The numerical computation of drag and lift coefficient for different Reynold’s number is studied using Ansys Fluent 19.1. The 2D cylinder of diameter 5 mm is formed and computational domain is created around it having dimensions of 150 mm×70 mm. The fluid domain with boundary conditions is given in Fig. 1. The inlet is assigned as velocity inlet and outlet is having atmospheric pressure i.e. 101325 Pa and all other walls are having no slip condition. The structured 2D quadrilateral mesh is used for the domain and inflation layers are formed around the cylinder. The mesh with inflation layers is shown in Fig. 2.
The steady pressurebased solver is used to study the aerodynamic effects around the cylinder. The turbulence model used is standard $k$$\epsilon $ and SIMPLE scheme is used for pressure and velocity coupling with second order upwind for momentum.
Fig. 1Domain around the cylinder
Fig. 2Meshing around the cylinder with inflation layers
4. Results and discussion
The numerical simulation around cylinder is carried out by varying the velocity at inlet to get different Reynold’s number and to analyze the change in lift, drag and pressure coefficient with respect to $Re$. Table 1 shows the drag coefficient and lift coefficient values for different Reynold’s number. The plot for the averaged ${C}_{d}$ and ${C}_{l}$ along the increasing $Re$ is shown in Fig. 3 and Fig. 4 respectively. It is observed that the drag coefficient decreases on increasing the $Re$ while lift coefficient increases up to $Re=$ 10^{4} and drops for higher $Re$.
Table 1Coefficient of lift and drag coefficient for different Reynold’s number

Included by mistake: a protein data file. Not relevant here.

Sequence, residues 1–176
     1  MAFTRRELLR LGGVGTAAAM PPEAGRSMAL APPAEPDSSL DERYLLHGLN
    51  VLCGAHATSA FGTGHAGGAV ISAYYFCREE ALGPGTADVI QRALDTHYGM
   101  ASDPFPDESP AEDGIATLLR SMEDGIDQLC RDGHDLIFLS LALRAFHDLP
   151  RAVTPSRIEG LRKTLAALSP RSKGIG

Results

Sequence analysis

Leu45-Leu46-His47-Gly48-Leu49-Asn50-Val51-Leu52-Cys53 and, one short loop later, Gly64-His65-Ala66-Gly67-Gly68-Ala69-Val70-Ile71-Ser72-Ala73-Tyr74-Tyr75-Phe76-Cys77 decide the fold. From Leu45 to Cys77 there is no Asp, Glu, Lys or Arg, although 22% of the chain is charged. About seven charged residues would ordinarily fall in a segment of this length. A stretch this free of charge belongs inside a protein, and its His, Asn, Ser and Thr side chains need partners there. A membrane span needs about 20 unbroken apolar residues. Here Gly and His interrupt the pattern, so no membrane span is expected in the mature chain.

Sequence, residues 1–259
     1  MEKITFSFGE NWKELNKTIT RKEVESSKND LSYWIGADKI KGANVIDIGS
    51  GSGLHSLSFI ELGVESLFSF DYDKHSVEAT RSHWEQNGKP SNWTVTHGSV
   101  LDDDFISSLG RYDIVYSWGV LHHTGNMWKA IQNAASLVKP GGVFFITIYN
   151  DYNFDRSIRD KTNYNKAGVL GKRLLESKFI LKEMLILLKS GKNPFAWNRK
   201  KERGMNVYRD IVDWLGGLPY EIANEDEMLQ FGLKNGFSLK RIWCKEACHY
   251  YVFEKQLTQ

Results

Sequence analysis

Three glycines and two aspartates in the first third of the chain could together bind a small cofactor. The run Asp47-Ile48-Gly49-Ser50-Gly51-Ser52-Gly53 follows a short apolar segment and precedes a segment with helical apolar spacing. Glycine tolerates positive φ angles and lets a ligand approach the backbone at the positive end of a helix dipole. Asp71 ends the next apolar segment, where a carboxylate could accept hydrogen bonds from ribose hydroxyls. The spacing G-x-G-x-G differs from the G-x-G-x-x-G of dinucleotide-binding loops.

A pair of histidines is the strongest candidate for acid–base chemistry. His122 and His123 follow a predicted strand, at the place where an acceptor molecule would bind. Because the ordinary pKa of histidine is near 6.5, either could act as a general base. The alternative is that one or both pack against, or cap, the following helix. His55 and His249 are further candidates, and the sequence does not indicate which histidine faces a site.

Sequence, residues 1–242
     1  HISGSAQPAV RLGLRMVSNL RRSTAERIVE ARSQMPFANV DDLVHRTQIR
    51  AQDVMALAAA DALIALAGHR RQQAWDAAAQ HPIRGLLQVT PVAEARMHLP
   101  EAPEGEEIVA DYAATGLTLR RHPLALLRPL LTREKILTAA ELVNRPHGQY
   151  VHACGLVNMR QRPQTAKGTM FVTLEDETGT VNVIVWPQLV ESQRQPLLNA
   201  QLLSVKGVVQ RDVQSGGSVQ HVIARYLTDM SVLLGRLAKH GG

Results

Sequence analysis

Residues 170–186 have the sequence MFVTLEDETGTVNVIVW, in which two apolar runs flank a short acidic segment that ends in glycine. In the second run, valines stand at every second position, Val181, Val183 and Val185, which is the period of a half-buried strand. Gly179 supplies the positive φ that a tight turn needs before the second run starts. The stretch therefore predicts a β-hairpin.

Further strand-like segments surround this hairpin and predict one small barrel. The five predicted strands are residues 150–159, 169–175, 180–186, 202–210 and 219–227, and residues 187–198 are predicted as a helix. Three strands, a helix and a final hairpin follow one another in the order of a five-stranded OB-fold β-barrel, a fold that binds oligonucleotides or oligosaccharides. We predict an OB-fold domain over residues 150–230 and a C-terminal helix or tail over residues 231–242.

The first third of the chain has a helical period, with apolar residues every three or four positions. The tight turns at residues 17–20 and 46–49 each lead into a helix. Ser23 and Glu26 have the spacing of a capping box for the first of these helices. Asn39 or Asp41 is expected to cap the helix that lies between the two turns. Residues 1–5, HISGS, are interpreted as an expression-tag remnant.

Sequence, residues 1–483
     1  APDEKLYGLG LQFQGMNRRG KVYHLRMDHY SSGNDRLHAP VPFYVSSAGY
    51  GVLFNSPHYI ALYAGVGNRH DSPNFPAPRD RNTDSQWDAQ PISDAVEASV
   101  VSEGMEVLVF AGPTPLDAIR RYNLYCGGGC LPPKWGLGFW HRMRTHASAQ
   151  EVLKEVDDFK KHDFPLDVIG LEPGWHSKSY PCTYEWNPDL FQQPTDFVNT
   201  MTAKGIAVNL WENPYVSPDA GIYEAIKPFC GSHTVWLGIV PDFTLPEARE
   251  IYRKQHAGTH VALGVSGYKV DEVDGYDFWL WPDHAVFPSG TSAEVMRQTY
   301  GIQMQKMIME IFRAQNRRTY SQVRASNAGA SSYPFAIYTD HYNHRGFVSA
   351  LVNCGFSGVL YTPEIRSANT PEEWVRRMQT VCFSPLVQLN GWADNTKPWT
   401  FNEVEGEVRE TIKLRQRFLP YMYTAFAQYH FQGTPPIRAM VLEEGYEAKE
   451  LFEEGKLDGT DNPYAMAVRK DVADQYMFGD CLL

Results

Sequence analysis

Reynold’s number  Coefficient of drag (${C}_{d}$)  Coefficient of lift (${C}_{l}$)  
Re1  100  0.027670638  4.0792E05 
Re2  1000  0.017270244  9.78343E05 
Re3  10000  0.013354575  0.000193594 
Re4  100000  0.008396121  0.000159222 
Re5  1000000  0.006609571  8.03183E05 
Fig. 3Coeffcient of drag vs Reynold’s number
Fig. 4Coeffcient of lift vs Reynold’s number
Fig. 5 represents the coefficient of lift and pressure distribution on fixed cylinder for at $Re=$10^{2 },10^{3 },10^{4 }and 10^{5}. The ${C}_{l}$ is plotted for the iteration ranging from 800 to 1800. The ${C}_{l}$ value increasing as $Re$ increases till 10^{4} while decreases for further higher values which can be seen from the graph. The value of pressure coefficient is having overlapped curve for at $Re=$10^{2 }and the difference between pressure distribution increases along the increasing $Re$.
Fig. 5The lift coefficient and pressure coefficient distribution along the fixed cylinder wall at different Reynold’s number
The vorticity contour is plotted in Fig. 6 to check the wake pattern on the cylinder for increasing $Re$. The range of vortex shedding is kept from –10^{4 }to 10^{4}. The oscillations around the cylinder increases with Reynold’s number forming von Karman street around the cylinder. It can be seen that separate shear layers are rolling on the upper and lower wall of fixed cylinder. The red color in the vorticity contour represents the clockwise rotation while blue color represents the counterclockwise rotation of vortices.
To understand the oscillations around the cylinder due to formation of vortex shedding the power spectral density of the lift coefficient is determined using Fast Fourier Transformation. The maximum frequency for the $Re=$ 10^{5} using FFT is 0.018 Hz. Fig. 7 represents the power spectral distribution for the same.
Fig. 6Velocity contours at different Reynolds numbers
Fig. 7Power spectral distribution vs frequency
5. Conclusions
In this paper the numerical computation for the lift and drag coefficient with increasing number of Reynold’s number is represented. The drag coefficient reduces with the increasing $Re$ and lift coefficient increases up to Reynold’s number 10^{4}. Similarly, the pressure difference on the fixed cylinder increases with the increasing Reynold’s number. The vorticity contour and power spectral distribution of lift coefficient is also presented in the results and discussion section.